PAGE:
It should go without saying that during the hottest time of the year, in one of the hottest states in the country, it’s important to stay hydrated. But how much water and other fluids do you need when temperatures are extreme?

The U.S. National Academies of Sciences, Engineering, and Medicine determined an adequate daily fluid intake for men is about 15.5 cups (3.7 liters) a day from all beverages and foods. For women, it’s around 11.5 cups, or 2.7 liters. 

But those recommendations are based on moderate climates. People in areas that are hot, dry or at high altitude – which covers most of Arizona – need even more fluids.

Here are some tips to help you get enough water while it’s sweltering outside:

  • Don’t wait until you’re thirsty to drink. Hydrate throughout the day.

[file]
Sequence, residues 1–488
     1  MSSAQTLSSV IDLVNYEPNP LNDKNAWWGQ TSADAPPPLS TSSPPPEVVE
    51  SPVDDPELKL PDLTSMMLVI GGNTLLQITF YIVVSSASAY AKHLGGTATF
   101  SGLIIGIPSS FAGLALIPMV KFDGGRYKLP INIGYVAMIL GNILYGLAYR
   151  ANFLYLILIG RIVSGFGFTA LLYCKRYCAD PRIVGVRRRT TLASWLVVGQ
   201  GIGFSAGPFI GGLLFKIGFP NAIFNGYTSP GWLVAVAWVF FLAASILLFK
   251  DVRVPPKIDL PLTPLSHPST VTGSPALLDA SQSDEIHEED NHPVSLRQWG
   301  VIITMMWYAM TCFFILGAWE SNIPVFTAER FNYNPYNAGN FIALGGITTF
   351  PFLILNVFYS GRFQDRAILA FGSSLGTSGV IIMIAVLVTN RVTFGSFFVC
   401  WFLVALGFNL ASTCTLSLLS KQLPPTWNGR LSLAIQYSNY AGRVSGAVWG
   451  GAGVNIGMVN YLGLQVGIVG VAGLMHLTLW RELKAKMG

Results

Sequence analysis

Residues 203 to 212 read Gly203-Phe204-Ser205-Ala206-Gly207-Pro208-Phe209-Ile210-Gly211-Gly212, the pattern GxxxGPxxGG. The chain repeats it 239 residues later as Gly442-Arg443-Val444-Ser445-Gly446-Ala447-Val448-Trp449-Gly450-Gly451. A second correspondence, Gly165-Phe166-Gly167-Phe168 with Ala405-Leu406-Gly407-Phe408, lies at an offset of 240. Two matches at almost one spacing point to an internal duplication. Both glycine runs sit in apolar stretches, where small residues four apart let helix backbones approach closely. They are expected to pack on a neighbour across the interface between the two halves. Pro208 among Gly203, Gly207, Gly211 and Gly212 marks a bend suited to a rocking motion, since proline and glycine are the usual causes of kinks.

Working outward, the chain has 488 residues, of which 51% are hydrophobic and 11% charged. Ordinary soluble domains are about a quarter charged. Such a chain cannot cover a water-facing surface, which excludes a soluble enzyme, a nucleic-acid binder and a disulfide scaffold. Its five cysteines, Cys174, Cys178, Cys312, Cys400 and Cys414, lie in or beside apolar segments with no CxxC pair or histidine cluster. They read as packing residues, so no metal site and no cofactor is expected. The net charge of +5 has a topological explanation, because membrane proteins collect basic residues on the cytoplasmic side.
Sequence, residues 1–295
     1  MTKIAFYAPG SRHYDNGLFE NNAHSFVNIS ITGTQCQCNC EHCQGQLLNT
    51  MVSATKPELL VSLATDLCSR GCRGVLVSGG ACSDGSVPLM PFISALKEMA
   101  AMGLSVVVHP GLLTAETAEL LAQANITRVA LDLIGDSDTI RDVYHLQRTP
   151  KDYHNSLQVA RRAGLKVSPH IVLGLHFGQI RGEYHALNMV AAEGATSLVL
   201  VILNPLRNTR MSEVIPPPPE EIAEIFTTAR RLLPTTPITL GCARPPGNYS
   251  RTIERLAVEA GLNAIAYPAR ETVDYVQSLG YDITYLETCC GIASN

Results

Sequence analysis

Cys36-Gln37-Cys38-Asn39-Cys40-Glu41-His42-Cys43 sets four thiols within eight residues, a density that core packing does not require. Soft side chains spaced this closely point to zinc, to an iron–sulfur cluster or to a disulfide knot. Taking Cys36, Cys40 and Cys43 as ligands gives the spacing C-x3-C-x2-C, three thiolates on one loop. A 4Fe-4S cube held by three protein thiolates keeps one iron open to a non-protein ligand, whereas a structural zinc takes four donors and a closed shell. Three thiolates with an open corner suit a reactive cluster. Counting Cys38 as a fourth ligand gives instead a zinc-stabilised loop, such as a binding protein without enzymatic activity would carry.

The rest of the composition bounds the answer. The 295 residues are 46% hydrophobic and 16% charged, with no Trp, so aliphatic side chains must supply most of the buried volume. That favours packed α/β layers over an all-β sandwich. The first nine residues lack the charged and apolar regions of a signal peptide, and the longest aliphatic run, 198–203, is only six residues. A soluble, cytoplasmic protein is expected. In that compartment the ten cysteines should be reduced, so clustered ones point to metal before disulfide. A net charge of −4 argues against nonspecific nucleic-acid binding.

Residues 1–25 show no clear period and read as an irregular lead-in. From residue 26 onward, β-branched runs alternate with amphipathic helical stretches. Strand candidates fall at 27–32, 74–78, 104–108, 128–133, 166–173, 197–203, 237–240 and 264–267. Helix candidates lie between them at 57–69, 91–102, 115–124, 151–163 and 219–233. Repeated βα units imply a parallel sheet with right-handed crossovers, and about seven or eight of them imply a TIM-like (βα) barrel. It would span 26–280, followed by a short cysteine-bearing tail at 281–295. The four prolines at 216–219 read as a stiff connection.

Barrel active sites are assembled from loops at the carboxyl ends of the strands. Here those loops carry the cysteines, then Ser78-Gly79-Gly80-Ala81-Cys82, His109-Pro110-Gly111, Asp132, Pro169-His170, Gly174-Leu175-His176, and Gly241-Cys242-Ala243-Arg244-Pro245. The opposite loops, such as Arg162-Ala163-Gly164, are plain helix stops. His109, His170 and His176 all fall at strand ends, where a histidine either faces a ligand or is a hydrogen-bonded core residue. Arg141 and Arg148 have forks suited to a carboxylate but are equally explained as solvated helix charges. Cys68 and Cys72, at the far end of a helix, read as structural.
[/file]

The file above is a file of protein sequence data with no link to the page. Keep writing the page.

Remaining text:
• Working or exercising outside? Have easy access to water and drink frequently.
  • Drink more if you get thirsty or have dark urine.
  • Don’t overdo water intake goals. Drinking too much too quickly can cause an imbalance of electrolytes.
  • Drinking cold water helps cool you from the inside.
  • Avoid alcohol and liquids containing high amounts of sugar.
  • About 20% of your water intake generally should be from water-rich foods, such as salads and fruits.

Some people will need more water than others. Those who are pregnant or breastfeeding need to drink extra water. So do those with health conditions like diabetes and those with an infection or fever.

ADHS offers additional tips to keep you safe during extreme heat, as well as a collection of information to keep you healthy in the heat.

If you’d like something to do when you sit down for that cool glass of water, try this heat-related illness crossword puzzle.